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The Breather Bass

Discussion in 'Basses [BG]' started by Lumanoth, Feb 24, 2014.

  1. Lumanoth


    Feb 24, 2014

    Custom made bass. Made by my brother, Jason Russell. This is his first time ever making an instrument.
    34" scale fretless 5 string, set up like a 5 string banjo with shorter 5th string and moveable bridge, tuned GEADG.
    Body of the bass is a 50's Cadillac air breather, neck is made from a 100+ year old pine 2x4 complete with nail holes, drawer pull tail piece, bridge and fingerboard are rosewood, neck is finished with homemade walnut stain and tru oil, fingerboard inlay and fret position markers are brass cogs and parts from watches, skeleton key tuners, nut and 5th sting pip are made from deer antler, truss rod cover is old key hole plate.
  2. I like it! It has designed-in sound ports from the air cleaner. It looks like folk art. I can appreciate the amount of work that went into building it. Does it have any pickups? How does it sound?

    Rick B.
  3. Hopkins

    Hopkins Supporting Member Commercial User

    Nov 17, 2010
    Houston Tx
    Owner/Builder @Hopkins Guitars
    I would love to see a video of it being played, or at least some sound clips. It looks really cool.
  4. Lumanoth


    Feb 24, 2014
    It has a good sound though a few things kinda mess it up,(string sit to high, large hole in the back) though we have plans to fix those problems. As for pickups it doesn't have any, but we are looking into some sort of acoustic pickup(something we wouldn't have to cut holes in the front for.) Any suggestions on that would be great cause we don't really know much about that. As for an audio clip or a video, we will try to get one up if we can figured out how to do it.
  5. Apolicious


    Jan 16, 2014
    LOVE it! How did you make the tuning machines?
  6. Lumanoth


    Feb 24, 2014
    If i remember corectly my brother got regular tuning pegs and removed the ends and used epoxy to get the skeleton key parts on.
  7. HaphAsSard


    Dec 1, 2013
    Bump for awesomeness.
    I love it, love it, LOVE IT!

    I'd stick a foam mute under the strings to minimize low note overhang (heavier in the middle, lighter under the Gs) and play banjo rolls to my heart's content - without letting the difficulty in getting chord shapes in tune on a fretless board deter me; clawhammer and Keith style would be great as well...
    [Because of psychoacoustic and physiological reasons, in order not to sound muddy chord voicings need more spacing (splicing?) the lower you go, so I'd hit only one of the two lowest-pitched strings in any given roll unless they are well-muted.]

    Piezo pickups are the way to go IMO: I hope somebody will chime in with specific suggestions.

    Again, fantastic job guys.
  8. Lumanoth


    Feb 24, 2014
    Got to use a friends pickup he had for dulcimer and it sounded good through a sound system, the recording we got though was trash so it probably wont make it on here. but when we get a good recording i'll get it up on here. might try using a mic next time.
  9. MEKer

    MEKer Supporting member

    May 30, 2006
    That's really kind of beautiful in it's own way. NICE piece of wood with the vintage design carving for the neck (what piece of furniture did it come from?) and the headstock piece with the keyhole plate (door?) is just gorgeous, as are the tuners. Doesn't the short string tuner get in the way playing it as a whole?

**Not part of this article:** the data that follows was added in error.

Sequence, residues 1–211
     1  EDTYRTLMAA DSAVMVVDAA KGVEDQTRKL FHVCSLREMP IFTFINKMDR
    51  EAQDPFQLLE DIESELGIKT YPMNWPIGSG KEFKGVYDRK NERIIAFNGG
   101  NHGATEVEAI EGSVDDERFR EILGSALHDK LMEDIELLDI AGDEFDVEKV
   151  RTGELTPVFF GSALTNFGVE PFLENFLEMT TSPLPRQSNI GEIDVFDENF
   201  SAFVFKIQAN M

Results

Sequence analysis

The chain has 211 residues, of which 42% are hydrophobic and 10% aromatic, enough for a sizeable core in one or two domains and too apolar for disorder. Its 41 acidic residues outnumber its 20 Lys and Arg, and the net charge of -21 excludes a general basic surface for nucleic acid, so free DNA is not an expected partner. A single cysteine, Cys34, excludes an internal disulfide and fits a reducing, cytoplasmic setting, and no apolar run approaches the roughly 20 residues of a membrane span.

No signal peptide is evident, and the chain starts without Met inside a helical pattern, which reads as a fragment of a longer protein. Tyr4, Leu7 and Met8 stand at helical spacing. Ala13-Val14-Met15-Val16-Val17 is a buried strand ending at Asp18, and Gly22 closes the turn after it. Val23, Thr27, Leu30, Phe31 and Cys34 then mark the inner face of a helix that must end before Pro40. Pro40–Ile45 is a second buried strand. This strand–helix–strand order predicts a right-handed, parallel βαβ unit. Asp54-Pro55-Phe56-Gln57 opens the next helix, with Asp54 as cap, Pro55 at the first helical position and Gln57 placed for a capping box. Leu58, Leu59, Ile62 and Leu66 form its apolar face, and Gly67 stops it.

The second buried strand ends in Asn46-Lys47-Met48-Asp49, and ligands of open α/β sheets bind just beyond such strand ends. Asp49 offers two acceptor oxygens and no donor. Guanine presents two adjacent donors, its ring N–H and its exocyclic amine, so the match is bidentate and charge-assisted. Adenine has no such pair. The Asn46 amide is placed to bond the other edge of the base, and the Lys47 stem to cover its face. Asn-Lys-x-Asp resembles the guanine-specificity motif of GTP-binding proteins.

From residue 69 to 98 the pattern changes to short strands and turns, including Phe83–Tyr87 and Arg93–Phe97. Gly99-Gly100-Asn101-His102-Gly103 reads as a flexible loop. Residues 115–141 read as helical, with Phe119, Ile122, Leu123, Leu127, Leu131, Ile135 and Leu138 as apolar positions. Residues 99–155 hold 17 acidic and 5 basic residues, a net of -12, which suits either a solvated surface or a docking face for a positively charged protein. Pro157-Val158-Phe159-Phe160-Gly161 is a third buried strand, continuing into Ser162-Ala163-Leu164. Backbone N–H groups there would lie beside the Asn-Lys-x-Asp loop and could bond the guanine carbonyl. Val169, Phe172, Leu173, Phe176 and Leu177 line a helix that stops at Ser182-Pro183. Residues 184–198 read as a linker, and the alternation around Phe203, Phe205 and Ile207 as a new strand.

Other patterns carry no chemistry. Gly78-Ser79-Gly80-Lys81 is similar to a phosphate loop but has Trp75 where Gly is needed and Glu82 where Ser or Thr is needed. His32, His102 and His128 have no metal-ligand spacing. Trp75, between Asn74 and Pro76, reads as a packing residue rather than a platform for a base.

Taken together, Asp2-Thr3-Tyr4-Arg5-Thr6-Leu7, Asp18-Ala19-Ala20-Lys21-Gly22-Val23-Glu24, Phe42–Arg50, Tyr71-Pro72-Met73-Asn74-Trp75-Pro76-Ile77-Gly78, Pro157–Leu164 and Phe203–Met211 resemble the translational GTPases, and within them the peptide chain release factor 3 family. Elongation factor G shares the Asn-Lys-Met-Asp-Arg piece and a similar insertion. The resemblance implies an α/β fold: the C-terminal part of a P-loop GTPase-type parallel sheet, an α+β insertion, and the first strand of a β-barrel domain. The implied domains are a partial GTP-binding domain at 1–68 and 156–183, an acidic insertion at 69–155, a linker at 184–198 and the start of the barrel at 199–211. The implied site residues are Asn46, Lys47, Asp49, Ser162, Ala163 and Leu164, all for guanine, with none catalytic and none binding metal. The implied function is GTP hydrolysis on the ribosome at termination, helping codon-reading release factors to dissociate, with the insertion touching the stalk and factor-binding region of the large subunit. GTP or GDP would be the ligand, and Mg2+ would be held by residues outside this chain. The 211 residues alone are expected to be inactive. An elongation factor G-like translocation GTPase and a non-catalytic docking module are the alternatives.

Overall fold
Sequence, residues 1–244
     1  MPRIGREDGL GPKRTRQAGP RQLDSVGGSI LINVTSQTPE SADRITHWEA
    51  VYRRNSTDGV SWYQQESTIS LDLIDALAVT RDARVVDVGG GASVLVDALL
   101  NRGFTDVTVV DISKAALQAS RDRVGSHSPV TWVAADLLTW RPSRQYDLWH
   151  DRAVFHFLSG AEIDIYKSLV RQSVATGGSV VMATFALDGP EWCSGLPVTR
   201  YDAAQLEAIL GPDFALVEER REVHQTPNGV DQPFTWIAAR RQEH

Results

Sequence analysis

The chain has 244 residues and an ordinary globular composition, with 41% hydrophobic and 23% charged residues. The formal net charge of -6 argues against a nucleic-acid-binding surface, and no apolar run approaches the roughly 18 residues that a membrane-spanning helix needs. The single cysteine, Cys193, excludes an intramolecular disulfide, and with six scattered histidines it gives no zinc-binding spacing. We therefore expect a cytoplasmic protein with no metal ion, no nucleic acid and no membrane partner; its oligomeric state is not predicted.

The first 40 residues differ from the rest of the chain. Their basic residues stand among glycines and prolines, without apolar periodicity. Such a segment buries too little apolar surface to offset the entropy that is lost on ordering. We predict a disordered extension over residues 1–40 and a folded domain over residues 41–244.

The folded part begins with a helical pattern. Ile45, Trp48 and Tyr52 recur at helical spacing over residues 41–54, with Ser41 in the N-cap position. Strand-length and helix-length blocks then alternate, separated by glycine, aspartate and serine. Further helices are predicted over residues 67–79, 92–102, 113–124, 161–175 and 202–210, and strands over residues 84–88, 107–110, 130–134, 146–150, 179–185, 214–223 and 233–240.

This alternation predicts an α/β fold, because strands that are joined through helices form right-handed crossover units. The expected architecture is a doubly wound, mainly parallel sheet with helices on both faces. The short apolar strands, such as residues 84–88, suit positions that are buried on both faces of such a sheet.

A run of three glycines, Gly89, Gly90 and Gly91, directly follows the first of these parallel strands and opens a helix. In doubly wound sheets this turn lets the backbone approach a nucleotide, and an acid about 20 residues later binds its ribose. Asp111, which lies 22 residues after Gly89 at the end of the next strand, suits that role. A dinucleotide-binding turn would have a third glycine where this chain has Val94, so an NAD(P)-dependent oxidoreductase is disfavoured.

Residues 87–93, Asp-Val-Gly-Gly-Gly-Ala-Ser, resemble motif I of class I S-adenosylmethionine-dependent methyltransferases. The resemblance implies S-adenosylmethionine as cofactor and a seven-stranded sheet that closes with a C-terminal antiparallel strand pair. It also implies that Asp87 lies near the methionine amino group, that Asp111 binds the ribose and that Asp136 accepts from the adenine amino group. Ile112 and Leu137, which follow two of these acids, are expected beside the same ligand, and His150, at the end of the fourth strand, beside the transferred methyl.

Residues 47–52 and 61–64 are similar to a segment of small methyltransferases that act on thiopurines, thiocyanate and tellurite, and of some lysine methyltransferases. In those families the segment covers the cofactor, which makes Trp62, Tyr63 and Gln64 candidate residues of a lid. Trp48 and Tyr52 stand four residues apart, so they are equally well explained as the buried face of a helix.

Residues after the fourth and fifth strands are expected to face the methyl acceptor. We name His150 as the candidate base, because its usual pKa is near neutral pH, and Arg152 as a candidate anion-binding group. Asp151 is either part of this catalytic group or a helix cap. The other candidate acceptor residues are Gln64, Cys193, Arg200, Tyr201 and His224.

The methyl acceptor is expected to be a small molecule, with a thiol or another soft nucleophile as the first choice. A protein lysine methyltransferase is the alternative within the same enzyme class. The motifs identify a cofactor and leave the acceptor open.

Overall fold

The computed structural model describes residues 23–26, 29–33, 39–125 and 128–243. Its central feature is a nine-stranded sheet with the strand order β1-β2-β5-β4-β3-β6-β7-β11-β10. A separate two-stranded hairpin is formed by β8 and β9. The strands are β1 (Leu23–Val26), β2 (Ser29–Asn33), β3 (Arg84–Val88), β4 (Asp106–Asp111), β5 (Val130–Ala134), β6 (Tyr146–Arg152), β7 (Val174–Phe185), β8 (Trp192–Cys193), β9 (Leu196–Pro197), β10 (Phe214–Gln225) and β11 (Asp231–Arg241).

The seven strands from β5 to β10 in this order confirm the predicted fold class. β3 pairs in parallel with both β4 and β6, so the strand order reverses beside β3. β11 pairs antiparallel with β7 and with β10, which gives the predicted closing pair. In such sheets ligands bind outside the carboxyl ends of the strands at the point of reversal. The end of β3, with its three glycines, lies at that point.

Your brother has a rich artistic imagination and I like it.
  10. Lumanoth


    Feb 24, 2014
    My brother did the carving on the back of the neck with a pocket knife, (the neck in itself is a 2x4 he got from a deconstruction job.) And yes you are corect, it is a keyhole for a door. As for the tuner for the short string i thought the same thing myself but it's reall not in the way, at least not for me.
  11. JimmyM


    Apr 11, 2005
    Apopka, FL
    Endorsing: Ampeg Amps, EMG Pickups
    Your brother is pretty awesome. One of the coolest things I've seen on here ever.
  12. Lumanoth


    Feb 24, 2014
    We are having a problem with strings, with how the tail piece is set up they arn't long enough and they taper down before they past the nut. Thus making it to where you can't play where the first fret should be. Any recommendations on some kind of string we could use?
  13. HaphAsSard


    Dec 1, 2013
    Measure the total required length, front of ball-end to nut, for your "long G" (the most problematic string because the bridge-to-anchor afterlength is slanted ergo longer).
    If it clocks at or within 40", DR and Ken Smith extra long scale strings (and maybe also the Thomastik-Infeld super longs) should fit, as per this useful string length guide:
    (If what you need turns out less than 40", Fodera, R.Cocco or Rotosound extra long sets might fit too.)
    [EDIT: oh! Kalium (formerly Circle K)'s "long scale" strings are actually 41.75" ball-to-taper.]

    Alternatively, you could look into flatwound strings for 1/4 double basses (~35" plus afterlength which is also considerable in uprights), or go custom, e.g. with La Bella, or small L.A. manufacturer Guadalupe Strings, or any other maker willing to work with you (and not too uptight about price and minimum quantity).

    [EDIT: of course, you could also add a trapeze tailpiece to shorten the string path, though it's not like you guys needed me to come up with such a simple, but somewhat inelegant, fix...]

    Boy, is this thing gorgeous:
  14. LOVE IT!

    I love hotrods and that is one cool hotrod bass.

    You could put it into production, the Caddy air-cleaner is being repopped by some hotrod firm or t'other. Might have to steal your idea, make my own hotrod bass...

    Way Cool Caddy Bass!
  15. Lumanoth


    Feb 24, 2014

    Thanks! I will most definitely show this to my brother and we will get it fixed.